It’s about wishing up

Education is central to children’s rights

When you are educated, you are likely to be more aware of your other rights and better able to make sure those rights are respected. You will be better equipped to influence what happens to you while you are young and when you are older.Education gives you choices – and the confidence to take advantage of those choices.What’s more, education is not just good for you as an individual. If you are educated, you can share what you have learned about staying healthy with your family. You can teach your friends about safety issues. You may even be able to convince someone of the value of an education for every child. All in all, you will be in a better position to be an active, participating member of your community.

If you go on to have children of your own, you will know how to make sure those children are safe, healthy and happy – not least by making sure they get an education too.In fact, your whole country, even the whole world, should benefit from your education! As educated children are better qualified to help bring positive change to their communities and nations.And don’t forget, education is a human right in itself, enshrined in the Convention on the Rights of the Child.

Not just for boys

Despite all this, around the world there are more than 115 million children of primary school age who are not in school. And what’s more, more than half of all children who are out of school – 61.6 million – are girls.This is a violation of rights. One of the guiding principles of the Convention on the Rights of the Child is that all children should be treated equally and given the same opportunities to develop and grow.That’s why world leaders have made girls’ education a priority. And also why they have set a target in the United Nations’ Millennium Development Goals for all girls to have equal access to primary and secondary education preferably by the year 2005, so that all children can complete a primary education.This section of Voices of Youth deals with children’s right to a good education, why this matters so much, and what’s being done to make this essential right a reality, whether you are a girl or a boy.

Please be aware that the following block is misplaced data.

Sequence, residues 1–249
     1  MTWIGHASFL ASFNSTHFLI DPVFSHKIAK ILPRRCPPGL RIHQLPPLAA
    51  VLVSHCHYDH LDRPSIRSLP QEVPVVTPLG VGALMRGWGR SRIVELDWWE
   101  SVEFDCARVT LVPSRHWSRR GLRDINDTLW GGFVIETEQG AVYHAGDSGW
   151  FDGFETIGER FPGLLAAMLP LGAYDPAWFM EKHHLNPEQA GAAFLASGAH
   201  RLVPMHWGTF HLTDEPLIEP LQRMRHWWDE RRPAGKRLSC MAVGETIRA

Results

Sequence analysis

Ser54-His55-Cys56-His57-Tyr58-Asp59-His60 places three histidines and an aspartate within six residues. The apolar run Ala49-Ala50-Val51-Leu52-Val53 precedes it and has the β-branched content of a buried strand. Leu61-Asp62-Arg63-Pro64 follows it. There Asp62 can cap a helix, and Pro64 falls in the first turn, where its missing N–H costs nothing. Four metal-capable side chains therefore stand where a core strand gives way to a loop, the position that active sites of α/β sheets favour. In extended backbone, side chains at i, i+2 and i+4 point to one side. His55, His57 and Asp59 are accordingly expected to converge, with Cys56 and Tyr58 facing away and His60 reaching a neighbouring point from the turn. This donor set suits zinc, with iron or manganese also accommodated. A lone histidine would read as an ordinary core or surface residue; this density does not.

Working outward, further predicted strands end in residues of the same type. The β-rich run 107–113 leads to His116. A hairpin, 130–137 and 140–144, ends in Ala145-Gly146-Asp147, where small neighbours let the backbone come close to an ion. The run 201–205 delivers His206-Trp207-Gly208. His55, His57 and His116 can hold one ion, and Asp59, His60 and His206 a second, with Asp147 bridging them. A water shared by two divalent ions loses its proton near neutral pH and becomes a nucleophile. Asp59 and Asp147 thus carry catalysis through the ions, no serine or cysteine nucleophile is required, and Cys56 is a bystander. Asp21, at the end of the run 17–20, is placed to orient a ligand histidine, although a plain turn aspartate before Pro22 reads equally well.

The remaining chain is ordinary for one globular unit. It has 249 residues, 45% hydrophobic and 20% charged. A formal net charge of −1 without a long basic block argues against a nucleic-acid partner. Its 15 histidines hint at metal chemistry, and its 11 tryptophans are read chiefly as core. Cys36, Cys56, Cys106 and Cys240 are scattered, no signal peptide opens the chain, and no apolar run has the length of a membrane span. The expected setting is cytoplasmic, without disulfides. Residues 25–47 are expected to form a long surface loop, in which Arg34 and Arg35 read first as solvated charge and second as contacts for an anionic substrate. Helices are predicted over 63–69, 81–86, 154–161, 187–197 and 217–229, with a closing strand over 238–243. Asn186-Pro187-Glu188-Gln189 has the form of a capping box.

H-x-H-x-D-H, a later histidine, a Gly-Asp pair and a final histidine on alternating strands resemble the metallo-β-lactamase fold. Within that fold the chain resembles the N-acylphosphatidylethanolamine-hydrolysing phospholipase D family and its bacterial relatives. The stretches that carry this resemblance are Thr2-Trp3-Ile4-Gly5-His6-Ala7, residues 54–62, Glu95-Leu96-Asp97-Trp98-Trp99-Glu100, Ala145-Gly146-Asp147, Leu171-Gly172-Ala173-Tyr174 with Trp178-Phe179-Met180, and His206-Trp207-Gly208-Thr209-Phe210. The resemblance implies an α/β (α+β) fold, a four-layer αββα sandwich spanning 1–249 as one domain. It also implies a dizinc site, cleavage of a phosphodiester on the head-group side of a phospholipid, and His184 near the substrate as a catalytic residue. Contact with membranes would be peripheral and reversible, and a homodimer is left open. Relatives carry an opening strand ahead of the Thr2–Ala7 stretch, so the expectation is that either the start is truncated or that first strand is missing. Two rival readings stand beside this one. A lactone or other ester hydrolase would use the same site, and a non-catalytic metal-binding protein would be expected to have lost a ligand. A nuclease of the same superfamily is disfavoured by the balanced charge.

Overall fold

1 Comment

  1. Literary Giving | Susie Meserve
    December 10, 2012

    […] A literacy organization. I’d like to plug A Chance through Literacy,  founded by my friend Jennifer Wilson, who was killed a little over a year ago. Luckily, her […]

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